Sandpipers succeed by choosing sex over sleep

In sun-soaked tundra summers, restless birds are more likely to score.

Trading in sleep for sex can seem like a pretty good deal at first. Who needs sleep anyway? That’s what caffeine is for. But after a week of curtailed slumber, your priorities are likely to shift. Exhaustion is a powerful force capable of trampling even reproductive urges, at least in our species. But for some male pectoral sandpipers, sleep during the mating season is largely expendable. And with good reason; those birds that sleep the least father the most offspring.

Courtship display, competitive posturing, or just stretching the wings? Image: Andreas Trepte.

Male pectoral sandpipers (Calidris melanotos) have their work cut out for them. The breeding period is fleeting, the ladies choosy, and the competition fierce. Rather than coupling up to incubate eggs, childcare in this species is left entirely to the females*, leaving males free to mate again as many times as they can manage before the available females run out. But each mating requires time-intensive wooing. Females need to be persuaded with courtship displays and the suitor’s ability to fight off rivals. Fortunately the birds breed in the Arctic tundra. Summers here offer an orgy of non-stop sunshine, so no time need be lost to lack of light. Sleep is thus the only thing standing in the way of a male devoting himself fulltime to the pursuit of mates.

In an article recently published online in Science, researchers examined the sleep habits and mating successes of groups of pectoral sandpipers during their sun-filled breeding periods. By measuring both muscle and brain activity, they found that males didn’t waste any time sitting around taking in the scenery or sulking over rejections. As long as there were still fertile females to be had, males were either actively engaging in mating behaviors or taking naps. But the duration of these siestas varied between individuals. While all males were more active than females, some males were particularly devoted to their reproductive agenda. The most zealous breeder was active over 95 percent of the time for a 19-day stretch.

Males that spent less time snoozing and more time courting managed to produce the most offspring. And the sleep-deprivation didn’t appear to take a toll on the birds. While we might expect the shortest-sleeping males to promptly doze off at the wheel on their return migration and fly into a tree, they were actually more likely to turn up at the same mating site the following year than were the less reproductively successful longer-sleepers. However, the authors note that the overall rate of return to the breeding ground was extremely low, and that the short-sleepers might just be more attached to the breeding ground where they previously got lucky.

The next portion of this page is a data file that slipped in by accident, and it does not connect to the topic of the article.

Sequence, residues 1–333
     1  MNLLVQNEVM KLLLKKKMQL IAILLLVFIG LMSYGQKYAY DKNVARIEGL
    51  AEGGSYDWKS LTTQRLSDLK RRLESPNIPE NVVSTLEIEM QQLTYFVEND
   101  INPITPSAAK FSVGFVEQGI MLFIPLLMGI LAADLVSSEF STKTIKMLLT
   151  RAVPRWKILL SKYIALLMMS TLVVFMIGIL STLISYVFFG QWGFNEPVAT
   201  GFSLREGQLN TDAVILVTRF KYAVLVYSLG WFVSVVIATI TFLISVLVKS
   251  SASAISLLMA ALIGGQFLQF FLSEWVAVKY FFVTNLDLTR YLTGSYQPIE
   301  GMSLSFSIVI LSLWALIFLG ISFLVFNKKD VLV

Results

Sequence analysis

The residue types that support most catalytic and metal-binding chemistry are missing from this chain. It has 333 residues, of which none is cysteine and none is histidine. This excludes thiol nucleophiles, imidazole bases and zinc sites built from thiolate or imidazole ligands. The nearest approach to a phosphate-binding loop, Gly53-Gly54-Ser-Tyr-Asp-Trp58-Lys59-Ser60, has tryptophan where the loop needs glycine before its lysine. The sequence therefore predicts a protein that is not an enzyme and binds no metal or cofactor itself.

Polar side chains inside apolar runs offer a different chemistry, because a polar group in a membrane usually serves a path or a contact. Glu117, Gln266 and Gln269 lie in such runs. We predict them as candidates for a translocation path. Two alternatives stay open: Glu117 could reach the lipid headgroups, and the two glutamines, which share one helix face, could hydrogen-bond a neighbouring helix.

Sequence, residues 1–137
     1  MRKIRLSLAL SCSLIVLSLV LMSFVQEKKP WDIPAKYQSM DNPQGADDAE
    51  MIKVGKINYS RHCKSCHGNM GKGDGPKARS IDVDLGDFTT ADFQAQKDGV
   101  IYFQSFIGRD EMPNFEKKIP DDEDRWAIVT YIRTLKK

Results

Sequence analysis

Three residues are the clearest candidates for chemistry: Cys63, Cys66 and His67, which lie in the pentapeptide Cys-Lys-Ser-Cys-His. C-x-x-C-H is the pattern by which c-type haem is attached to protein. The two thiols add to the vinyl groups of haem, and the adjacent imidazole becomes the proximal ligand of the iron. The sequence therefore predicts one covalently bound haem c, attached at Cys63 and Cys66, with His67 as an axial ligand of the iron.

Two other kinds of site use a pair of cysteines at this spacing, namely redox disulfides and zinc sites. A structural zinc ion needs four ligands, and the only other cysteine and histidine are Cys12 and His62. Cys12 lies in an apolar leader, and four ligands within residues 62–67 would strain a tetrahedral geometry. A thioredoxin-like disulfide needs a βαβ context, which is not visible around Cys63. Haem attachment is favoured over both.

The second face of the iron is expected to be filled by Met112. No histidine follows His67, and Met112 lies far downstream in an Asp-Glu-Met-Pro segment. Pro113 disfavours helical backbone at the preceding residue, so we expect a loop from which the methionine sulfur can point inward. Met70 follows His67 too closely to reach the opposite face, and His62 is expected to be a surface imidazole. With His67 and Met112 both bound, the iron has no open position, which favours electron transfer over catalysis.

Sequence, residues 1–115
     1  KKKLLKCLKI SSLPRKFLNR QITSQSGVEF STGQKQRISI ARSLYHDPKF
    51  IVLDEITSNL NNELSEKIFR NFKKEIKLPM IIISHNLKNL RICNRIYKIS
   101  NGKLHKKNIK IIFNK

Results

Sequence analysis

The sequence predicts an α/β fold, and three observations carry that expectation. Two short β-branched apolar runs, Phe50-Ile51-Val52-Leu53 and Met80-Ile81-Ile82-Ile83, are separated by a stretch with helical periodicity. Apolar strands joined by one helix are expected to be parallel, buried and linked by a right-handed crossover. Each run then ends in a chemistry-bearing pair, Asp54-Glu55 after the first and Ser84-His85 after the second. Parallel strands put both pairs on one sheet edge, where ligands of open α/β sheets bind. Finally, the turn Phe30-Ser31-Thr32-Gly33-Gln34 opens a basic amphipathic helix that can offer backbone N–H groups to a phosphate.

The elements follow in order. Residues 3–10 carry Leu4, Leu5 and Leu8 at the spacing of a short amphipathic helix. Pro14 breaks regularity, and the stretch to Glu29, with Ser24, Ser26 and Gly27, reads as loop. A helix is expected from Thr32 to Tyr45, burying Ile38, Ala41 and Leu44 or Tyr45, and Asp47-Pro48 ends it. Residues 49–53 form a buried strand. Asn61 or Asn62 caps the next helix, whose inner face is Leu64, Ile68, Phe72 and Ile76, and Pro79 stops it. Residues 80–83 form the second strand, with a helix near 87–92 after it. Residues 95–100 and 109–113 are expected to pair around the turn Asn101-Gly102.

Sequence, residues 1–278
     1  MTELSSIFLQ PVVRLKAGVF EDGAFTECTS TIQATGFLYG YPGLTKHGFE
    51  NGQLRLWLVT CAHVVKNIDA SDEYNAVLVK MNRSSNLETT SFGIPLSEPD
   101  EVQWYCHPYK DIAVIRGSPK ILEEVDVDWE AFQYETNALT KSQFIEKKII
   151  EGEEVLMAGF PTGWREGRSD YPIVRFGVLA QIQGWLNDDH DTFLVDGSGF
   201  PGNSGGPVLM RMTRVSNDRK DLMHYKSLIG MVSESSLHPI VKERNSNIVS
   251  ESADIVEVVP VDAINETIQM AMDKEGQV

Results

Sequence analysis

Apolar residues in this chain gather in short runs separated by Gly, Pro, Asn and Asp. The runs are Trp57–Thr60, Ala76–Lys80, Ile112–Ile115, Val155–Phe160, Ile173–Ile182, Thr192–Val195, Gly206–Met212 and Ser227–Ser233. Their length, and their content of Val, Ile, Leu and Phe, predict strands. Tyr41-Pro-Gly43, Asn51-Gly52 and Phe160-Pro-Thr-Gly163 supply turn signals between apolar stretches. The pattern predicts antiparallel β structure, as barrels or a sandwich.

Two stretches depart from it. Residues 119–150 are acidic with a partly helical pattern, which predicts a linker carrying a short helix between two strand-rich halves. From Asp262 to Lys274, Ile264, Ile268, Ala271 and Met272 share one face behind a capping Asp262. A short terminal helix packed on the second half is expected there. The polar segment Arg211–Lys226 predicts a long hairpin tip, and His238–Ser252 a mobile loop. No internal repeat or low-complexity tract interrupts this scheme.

How impressed you are by these birds may depend on your ideas about sleep. Humans spend a good chunk of time sleeping (one third of our lives, by some estimates) and plenty of evidence suggests that something important goes on during these listless hours of snoring. When deprived of sleep we’re uncoordinated, slow-witted, and irritable. We do sloppy work with copious typos. It seems our performance would deteriorate altogether if we didn’t stop at some point and catch up on lost sleep.

But an alternative hypothesis exists that sleep is merely a period of “adaptive inactivity”. That rather than being essential to functioning, it’s more like the dormant state that bacteria in mayonnaise enter when the jar gets stuffed into the fridge – with reproduction and metabolism being put on hold until it reaches the greener pastures of a picnic-bound egg-salad. (Or like hibernation in mammals, if you prefer a non-bacterial analogy.)

If the need for sleep is, as this hypothesis suggests, contingent on the circumstances, it would be reasonable for male pectoral sandpipers to dispense with the activity during the breeding season. And yet none of the males shunned sleep completely. Additionally, the shortest-sleeping males appeared to be partially compensating for their sleep loss by sleeping more deeply during their power naps (as measured by time spent in deep “slow wave” sleep).

It’s possible that sleep does provide some vital benefit to these birds, but that certain members of the species have evolved the ability to sleep minimally when the situation calls for it. The real curiosity then – given that short-sleeping sandpipers are more likely to pass on their genes – is why the longer-sleeping trait hasn’t died out already. Perhaps we’re still missing a crucial detail that would show that the longer-sleeping approach also confers benefits. Or maybe sleep durations for mating pectoral sandpipers are like 100-meter sprinting times, with each new generation striving to shave a few seconds/minutes off the previous record.

* Not all sandpipers espouse these gender roles. In the spotted sandpiper species (Actitis macularius), males are tasked with the incubation of eggs while females hunt for additional mates.

The returning short-sleepers also fared better than average males in the second breeding season.

Alex Reshanov

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